U.S. Preps For Hurricane Irene
August 24, 2011 by UPI - United Press International, Inc.
CHARLOTTE, N.C., Aug. 24 (UPI) — Preparations in North Carolina for the impending arrival of Hurricane Irene included mandatory evacuations in the Outer Banks Wednesday, state officials said.
Irene was upgraded Wednesday to a Category 3 storm and forecasters at the National Hurricane Center in Miami said it could become a Category 4 storm by Thursday. North Carolina emergency management officials directed mandatory evacuations early Wednesday on Ocracoke, the barrier island in the southern part of the Outer Banks, The Charlotte (N.C.) Observer reported.
Ferry service was being provided free of charge for tourists and residents on the island, which is not accessible by roads or bridges. The National Park Service said federal tourism facilities on the Outer Banks would be closed by the end of the day, the newspaper said.
Irene, a large storm that will bring strong winds and heavy rain to the region, could make landfall Saturday afternoon along the Outer Banks.
White House spokesman Josh Earnest told reporters Wednesday the Obama administration is “close communication and consultation with state and local officials up and down the Eastern Seaboard.”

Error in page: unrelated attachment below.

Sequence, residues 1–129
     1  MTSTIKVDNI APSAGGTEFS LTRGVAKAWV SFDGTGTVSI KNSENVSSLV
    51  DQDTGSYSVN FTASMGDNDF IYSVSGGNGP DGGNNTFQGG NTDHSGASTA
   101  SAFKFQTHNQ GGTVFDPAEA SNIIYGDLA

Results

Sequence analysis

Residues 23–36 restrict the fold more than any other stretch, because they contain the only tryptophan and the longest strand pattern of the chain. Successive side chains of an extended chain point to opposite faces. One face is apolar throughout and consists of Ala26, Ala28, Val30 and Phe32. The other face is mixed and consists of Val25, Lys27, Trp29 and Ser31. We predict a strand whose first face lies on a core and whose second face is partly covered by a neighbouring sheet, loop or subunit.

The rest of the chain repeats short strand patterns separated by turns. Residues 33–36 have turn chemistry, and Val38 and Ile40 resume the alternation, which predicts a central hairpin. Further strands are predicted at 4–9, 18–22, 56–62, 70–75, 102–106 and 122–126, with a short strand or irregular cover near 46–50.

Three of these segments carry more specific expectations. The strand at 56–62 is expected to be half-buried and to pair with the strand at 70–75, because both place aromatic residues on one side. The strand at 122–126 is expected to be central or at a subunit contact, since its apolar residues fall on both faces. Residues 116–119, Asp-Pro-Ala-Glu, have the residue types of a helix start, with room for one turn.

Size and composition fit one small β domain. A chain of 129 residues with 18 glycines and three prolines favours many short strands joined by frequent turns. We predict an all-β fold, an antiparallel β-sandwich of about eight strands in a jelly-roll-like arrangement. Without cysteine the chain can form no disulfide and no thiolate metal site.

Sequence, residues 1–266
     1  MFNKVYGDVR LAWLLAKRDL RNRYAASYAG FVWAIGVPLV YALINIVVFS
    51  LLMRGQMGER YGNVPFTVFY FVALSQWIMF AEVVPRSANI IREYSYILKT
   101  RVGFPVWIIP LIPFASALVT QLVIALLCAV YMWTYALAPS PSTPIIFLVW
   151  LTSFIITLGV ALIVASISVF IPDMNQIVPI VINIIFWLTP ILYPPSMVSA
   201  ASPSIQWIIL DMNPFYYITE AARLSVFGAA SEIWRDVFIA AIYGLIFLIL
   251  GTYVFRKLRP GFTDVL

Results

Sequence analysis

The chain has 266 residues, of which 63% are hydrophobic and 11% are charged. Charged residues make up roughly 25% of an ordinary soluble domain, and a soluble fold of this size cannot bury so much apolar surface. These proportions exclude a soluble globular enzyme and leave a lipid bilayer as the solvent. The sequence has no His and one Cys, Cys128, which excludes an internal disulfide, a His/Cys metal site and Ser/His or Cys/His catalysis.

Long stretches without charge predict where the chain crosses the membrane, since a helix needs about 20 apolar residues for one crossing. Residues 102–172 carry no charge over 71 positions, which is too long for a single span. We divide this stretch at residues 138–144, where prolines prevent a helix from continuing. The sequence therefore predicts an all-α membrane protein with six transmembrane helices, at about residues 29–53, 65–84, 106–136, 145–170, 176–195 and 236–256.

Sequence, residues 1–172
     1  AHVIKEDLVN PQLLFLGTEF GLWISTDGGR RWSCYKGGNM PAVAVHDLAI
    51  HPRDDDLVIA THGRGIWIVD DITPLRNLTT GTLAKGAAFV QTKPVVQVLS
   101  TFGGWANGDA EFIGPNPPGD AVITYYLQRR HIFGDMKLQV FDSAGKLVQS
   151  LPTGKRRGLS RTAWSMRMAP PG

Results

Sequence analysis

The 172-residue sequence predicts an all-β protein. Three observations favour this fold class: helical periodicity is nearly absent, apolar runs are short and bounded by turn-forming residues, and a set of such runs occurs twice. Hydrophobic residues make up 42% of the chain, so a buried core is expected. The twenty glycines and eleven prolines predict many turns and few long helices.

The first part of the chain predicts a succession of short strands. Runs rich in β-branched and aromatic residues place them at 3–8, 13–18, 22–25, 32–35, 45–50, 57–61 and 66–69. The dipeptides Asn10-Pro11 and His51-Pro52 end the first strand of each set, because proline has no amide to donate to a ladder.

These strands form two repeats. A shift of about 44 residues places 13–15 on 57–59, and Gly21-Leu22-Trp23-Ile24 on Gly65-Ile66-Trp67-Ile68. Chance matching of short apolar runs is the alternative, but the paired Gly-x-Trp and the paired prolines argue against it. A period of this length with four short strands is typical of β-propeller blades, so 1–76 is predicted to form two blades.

He said the Federal Emergency Management Agency has “pre-deployed incident response teams to both Virginia and North Carolina. And they actually have some stores of commodities in Atlanta — bottled water, food rations and those kinds of things.”
Earnest said FEMA officials were developing a “very detailed logistical effort” as the storm moves toward the United States, and President Barack Obama has been briefed on the storm every day during his vacation in Martha’s Vineyard, Mass.
He said he did not believe there has been any discussion within the administration on Obama cutting short his vacation and returning to Washington ahead of schedule.
“But we’re obviously watching the weather reports pretty closely for a variety of reasons,” he said. “And if there’s an indication that that would factor into this as scheduling changes, then we’ll obviously take the appropriate measures.”